Vale to shut Clarabelle Mill Crushing plant. CBCNews Sudbury. September 7th, 2017.
As noted in another story in the Sudbury Star, Vale is not closing the mill itself, but only the crushing plant. This is expected to affect 13 jobs but no plans for workforce reduction have been announced yet. It should be noted that it has apparently been a good month for commodity prices.
Also in Sudbury...
Sudbury city councillor wants a closer look at de-amalgamation. CBCNews Sudbury, September 6th, 2017.
Sudbury city councillor Michael Vagnini wants to put forth a motion to re-examine the amalgamation of 8 areas that took place in 2001 to create Greater Sudbury. Laurentian University economist David Robinson says amalgamation hasn't worked. Vagnini notes that municipal employment in the former cities together has grown 30 percent since 2001 which suggests rising costs (and taxes) underpin his concerns. Of course, breaking everything asunder after it has been put together will involve substantial transition and transaction costs and the key question should be what are the benefits and what are the costs. If Sudbury explores this option, is Thunder Bay next? One can make the case that having twin cities at the Lakehead led to economic competition that may have generated some growth and development benefits. It could be more than a coincidence that amalgamation in 1970 which resulted in monopoly municipal government also coincided with the start of decades of slower economic growth.
Of course, Thunder Bay has enough issues on its plate without embarking on revisiting its own amalgamation. If anything, it apparently could use some good news and this week has seen a spate of good news stories especially from its local CBC outlet. There have been stories on the start of school, the excitement of the XXVIII WBSC U-18 Baseball World Cup 2017 which is being held in Thunder Bay and the community spirit it has brought to the fore as well as a story on making clowns feel better given that nasty Stephen King character. However, the most interesting story has been a set of stories on why Thunder Bay is important to Canada and in particular, this one:
What makes Thunder Bay important? Economically, it's our location. CBCNews Thunder Bay, September 5th, 2017.
Its an upbeat boosterish piece not out of place with the pre-World War I brochures that used to extol Port Arthur and Fort William as the future hubs of the Dominion. In many respects, little changes in Thunder Bay when it comes to its approaches to marketing economic development. This morning also had an interview featuring young professionals noting all the potential that Thunder Bay has when it comes to opportunity and that the economy seems to be doing well because restaurants are opening. Don't get me wrong. I think Thunder Bay is a great place to live and work but I think these types of self-obsessed feel good efforts directed at ourselves reflect a fundamental insecurity and an insular preoccupation with ourselves. We really should be aiming any marketing campaign outside of the city, not at ourselves and I'm a bit surprised by the relentless onslaught of feel good stories by the local outlet of the national broadcaster. Perhaps there has been a recent local management change or perhaps the PMO has sent the national broadcaster a directive that there must only be "sunny ways" stories in rural remote regions.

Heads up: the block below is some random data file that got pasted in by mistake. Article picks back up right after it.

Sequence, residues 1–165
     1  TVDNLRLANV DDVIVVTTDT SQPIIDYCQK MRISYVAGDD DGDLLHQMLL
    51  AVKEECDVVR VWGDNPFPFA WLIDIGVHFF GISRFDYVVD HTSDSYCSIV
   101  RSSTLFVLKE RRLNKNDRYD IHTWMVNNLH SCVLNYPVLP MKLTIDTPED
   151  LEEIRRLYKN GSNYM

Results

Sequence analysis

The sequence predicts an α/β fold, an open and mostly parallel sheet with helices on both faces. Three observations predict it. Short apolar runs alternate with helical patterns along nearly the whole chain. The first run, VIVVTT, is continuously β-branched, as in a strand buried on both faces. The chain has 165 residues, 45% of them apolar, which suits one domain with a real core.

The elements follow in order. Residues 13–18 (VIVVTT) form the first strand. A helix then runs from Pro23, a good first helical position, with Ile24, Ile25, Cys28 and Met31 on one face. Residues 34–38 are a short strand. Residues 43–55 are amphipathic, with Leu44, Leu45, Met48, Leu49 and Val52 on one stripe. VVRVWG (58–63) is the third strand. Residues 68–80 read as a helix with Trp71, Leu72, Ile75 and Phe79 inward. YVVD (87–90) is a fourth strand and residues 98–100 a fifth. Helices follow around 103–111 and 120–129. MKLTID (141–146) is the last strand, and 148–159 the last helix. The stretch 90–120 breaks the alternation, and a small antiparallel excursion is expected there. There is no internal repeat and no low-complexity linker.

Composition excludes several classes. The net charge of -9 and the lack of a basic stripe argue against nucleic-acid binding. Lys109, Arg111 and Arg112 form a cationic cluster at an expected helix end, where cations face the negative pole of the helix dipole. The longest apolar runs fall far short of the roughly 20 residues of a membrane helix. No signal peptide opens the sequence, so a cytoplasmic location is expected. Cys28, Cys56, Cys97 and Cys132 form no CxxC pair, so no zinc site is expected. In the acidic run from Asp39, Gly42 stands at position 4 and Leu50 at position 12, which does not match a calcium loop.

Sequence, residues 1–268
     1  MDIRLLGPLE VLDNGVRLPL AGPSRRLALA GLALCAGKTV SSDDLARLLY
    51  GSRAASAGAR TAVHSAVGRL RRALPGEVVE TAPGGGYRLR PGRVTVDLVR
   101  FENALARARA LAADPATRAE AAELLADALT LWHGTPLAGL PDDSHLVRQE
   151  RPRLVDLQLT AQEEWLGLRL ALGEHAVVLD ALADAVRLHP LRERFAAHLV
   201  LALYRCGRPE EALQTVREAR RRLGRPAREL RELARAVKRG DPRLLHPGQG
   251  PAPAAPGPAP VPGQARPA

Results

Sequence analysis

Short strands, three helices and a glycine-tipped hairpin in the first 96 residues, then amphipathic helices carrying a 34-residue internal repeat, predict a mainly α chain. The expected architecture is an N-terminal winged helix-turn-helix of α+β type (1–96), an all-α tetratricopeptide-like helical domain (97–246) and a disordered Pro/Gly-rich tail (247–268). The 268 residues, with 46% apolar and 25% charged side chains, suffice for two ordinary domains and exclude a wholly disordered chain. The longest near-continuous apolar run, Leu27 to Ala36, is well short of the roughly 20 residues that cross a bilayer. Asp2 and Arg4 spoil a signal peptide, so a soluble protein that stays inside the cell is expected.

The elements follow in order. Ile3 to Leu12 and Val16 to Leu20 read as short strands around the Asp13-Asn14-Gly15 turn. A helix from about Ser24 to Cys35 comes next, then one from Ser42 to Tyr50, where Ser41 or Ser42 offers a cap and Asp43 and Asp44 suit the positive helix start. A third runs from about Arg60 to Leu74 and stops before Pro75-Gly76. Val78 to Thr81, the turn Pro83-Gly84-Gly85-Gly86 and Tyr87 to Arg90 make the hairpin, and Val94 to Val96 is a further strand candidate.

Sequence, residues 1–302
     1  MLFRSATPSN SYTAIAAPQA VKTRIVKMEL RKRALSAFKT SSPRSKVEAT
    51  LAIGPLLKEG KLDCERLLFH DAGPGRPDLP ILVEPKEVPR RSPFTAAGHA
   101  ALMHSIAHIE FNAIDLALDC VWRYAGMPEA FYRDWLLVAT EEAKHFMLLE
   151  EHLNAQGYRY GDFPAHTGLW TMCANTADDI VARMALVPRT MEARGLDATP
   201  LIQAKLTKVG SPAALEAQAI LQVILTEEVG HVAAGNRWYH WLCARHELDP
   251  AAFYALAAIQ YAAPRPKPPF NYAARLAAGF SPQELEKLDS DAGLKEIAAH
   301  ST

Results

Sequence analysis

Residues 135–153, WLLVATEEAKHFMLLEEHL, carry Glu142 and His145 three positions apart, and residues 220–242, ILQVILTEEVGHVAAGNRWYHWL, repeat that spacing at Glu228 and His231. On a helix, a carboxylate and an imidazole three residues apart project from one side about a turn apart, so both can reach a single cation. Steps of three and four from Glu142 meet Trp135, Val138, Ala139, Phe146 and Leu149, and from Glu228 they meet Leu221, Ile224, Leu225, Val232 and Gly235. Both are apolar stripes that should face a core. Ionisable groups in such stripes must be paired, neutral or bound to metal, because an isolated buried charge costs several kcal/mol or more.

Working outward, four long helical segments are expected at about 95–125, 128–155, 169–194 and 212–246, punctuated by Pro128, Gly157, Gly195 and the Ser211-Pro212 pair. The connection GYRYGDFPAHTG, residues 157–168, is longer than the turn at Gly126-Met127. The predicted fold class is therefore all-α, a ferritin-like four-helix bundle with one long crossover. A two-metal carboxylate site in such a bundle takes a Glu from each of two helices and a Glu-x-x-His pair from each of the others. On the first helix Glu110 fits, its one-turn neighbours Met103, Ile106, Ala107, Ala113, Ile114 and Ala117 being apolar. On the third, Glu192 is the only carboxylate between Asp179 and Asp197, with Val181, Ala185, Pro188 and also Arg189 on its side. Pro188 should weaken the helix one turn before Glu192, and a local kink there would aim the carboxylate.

In other upbeat news with a more direct quantifiable economic impact:
Rainy River gold mine prepares to process ore. tbnewswatch. September 7th, 2017.
Brookfield prepared to exit stake in North American Palladium as metal soars. The Globe and Mail. September 8th, 2017.
North American Palladium posts $8M profit in turnaround quarter. The Northern Miner. September 7th, 2017.
Indeed, the upbeat news from mining and the promised Ring of Fire Road has led to at least one First Nation being "anxious" for a gateway role in the Ring of Fire as this Chronicle Journal story notes.
In related mining news, it would appear the good news from the Ring of Fire has also caught the attention of other interests. Indeed, it is infectious.
Should Ontario Northland be the railroader for the Ring of Fire? BAYTODAY.ca, September 7th, 2017.
City continues ferrochrome plant pitch. saultstar.com. August 29th, 2017.
And in Timmins, more mining progress.
Sage Gold bulks up for mill sample. Northern Ontario Business. September 1st, 2017.
So, it looks like everything really is sunny in northern Ontario this week though even when it comes to the mining sector there are some critiques. I guess we all need to make a conscious effort to spend more time out in the sunshine especially before the winter sets in.
And one last bit of good news, just out from Statistics Canada. Canada's unemployment rate declined slightly to 6.2 percent. Thunder Bay's rate for August is 6.5 percent (down from 6.7) and Sudbury's is 5.2 percent (down from 5.4)
Have a great weekend.